Open uri20160822 3 ppr8p4?1471892223

Andrew Ng, Baidu; Stanford CS faculty; founded Coursera and Google Brain

Worrying about the rise of evil killer robots is like worrying about overpopulation and pollution on Mars before we've even set foot on it - an unnecessary distraction.
Open uri20180514 4 qt9hr0?1526279702

Ray Kurzweil, Author, computer scientist, inventor and futurist

agrees Basic Income
Adopting a universal basic income for all people can help society think creatively with new ideas, develop new industries — and free-up people to work on important future projects. This practical social support program can grow as science & technology rapidly evolve, becoming part of world abundance.
Open uri20170714 4 4hbihy?1500034535

William A. Darity, Professor of Public Policy at Duke University

agrees Job Guarantee
Each job offered under a federal employment assurance would be at a wage rate above the poverty threshold, and would include benefits like health insurance. A public sector job guarantee would establish a quality of work and the level of compensation offered for all jobs. The program would be great for the country: It could meet a wide range of the nation’s physical and human infrastructure needs,... See More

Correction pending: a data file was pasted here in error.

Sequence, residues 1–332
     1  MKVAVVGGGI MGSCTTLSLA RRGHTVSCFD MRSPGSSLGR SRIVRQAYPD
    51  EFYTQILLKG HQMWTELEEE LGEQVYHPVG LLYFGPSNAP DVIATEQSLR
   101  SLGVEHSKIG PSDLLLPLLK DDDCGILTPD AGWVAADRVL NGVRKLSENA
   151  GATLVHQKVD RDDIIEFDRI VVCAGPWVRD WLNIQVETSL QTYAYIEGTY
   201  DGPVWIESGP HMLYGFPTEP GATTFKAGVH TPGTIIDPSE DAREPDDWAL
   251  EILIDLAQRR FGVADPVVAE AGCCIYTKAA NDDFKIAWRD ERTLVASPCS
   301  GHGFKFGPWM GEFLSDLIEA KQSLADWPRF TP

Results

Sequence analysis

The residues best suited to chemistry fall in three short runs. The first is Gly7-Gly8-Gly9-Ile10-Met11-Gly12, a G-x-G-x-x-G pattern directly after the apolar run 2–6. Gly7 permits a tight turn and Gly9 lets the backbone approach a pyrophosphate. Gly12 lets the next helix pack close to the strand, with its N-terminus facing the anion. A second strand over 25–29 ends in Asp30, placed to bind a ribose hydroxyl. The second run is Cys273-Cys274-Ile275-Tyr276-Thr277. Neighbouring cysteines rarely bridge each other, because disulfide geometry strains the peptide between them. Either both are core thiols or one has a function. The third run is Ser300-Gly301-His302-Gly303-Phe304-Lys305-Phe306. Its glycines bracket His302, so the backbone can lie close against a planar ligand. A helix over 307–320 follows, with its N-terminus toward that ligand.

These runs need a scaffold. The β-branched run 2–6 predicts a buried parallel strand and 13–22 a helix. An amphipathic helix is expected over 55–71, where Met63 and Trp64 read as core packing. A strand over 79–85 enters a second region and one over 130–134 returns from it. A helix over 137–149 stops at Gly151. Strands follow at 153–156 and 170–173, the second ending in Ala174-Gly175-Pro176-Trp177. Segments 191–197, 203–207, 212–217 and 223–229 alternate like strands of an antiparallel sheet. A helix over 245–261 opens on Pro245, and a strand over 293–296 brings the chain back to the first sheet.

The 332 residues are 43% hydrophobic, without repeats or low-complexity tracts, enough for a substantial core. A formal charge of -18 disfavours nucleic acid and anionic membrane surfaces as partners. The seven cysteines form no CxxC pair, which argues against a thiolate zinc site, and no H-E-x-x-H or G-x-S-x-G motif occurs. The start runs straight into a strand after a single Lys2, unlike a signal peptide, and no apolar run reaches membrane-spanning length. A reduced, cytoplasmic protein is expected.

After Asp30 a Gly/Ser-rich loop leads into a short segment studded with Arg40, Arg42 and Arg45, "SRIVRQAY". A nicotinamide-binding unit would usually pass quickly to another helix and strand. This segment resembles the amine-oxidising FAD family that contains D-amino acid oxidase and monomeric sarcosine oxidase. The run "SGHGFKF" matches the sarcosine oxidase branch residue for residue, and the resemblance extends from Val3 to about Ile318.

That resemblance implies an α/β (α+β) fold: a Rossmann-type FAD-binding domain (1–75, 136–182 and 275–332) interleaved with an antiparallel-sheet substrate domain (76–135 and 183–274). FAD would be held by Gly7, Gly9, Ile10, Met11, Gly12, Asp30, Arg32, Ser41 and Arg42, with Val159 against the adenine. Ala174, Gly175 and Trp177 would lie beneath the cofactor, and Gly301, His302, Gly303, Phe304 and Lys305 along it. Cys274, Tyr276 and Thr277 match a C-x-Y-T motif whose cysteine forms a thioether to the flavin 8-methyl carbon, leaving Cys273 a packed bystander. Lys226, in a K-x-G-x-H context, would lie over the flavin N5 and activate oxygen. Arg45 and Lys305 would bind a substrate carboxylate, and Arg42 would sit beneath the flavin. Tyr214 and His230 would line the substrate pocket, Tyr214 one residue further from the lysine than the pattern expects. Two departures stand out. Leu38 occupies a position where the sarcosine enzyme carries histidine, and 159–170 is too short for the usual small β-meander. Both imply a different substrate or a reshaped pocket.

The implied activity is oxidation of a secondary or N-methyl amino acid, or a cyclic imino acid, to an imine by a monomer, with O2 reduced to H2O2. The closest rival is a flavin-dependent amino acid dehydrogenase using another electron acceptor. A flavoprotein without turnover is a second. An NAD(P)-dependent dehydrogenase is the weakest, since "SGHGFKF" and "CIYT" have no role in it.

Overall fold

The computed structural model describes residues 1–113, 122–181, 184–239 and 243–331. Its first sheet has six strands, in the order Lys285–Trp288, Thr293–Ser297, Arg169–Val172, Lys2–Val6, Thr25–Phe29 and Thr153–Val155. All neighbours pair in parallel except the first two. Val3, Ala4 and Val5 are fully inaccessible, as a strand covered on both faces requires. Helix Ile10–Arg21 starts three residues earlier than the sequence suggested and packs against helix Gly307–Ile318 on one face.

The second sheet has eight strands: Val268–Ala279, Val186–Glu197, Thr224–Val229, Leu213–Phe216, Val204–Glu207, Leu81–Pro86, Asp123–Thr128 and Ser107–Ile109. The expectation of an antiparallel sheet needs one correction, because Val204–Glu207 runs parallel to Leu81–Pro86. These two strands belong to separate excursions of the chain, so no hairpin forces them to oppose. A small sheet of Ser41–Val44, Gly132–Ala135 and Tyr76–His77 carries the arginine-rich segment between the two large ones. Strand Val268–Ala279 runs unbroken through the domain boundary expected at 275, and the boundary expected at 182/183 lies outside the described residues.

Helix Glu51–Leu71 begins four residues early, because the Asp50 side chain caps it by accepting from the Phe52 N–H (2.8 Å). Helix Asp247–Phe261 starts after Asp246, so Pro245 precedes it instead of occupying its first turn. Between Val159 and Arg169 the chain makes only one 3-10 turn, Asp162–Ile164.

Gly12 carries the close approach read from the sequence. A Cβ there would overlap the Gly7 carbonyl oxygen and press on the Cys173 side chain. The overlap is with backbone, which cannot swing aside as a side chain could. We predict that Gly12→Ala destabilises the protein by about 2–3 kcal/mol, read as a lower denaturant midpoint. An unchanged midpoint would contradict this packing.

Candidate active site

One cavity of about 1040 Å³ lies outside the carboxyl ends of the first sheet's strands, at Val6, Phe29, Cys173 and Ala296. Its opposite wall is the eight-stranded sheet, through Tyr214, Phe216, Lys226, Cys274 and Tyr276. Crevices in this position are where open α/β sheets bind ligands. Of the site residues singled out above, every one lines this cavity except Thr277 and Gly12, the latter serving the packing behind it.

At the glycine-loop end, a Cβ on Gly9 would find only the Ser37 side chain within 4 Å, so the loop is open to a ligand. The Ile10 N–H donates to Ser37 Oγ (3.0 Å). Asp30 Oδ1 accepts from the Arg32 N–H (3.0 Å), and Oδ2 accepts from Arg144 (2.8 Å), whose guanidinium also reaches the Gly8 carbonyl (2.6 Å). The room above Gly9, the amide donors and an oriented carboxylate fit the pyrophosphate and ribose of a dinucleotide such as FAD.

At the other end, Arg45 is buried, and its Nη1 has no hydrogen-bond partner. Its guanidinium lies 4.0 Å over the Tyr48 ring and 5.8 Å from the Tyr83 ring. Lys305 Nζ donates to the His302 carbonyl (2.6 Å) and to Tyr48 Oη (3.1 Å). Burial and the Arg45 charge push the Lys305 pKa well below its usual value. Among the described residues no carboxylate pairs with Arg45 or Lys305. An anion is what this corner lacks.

Open uri20170114 4 1s0exj7?1484415171

Erik Brynjolfsson, Professor at MIT

agrees Carbon Tax
If we're willing to send half a million fellow citizens into battle, to protect oil supplies and our economic way of life, we should be no less willing to make the small sacrifice of paying more for gasoline. A revenue-neutral plan that reduced Social Security taxes by $1 billion for every penny a gallon of gas tax would leave the working poor and middle class better off than before. In the long t... See More
Open uri20180803 4 zeorad?1533308275

Paul Krugman, Economist (nobel laureate) and NY Times columnist

agrees Carbon Tax
Emissions taxes are the Economics 101 solution to pollution problems; every economist I know would start cheering wildly if Congress voted in a clean, across-the-board carbon tax.
Open uri20170328 4 dblp2x?1490732870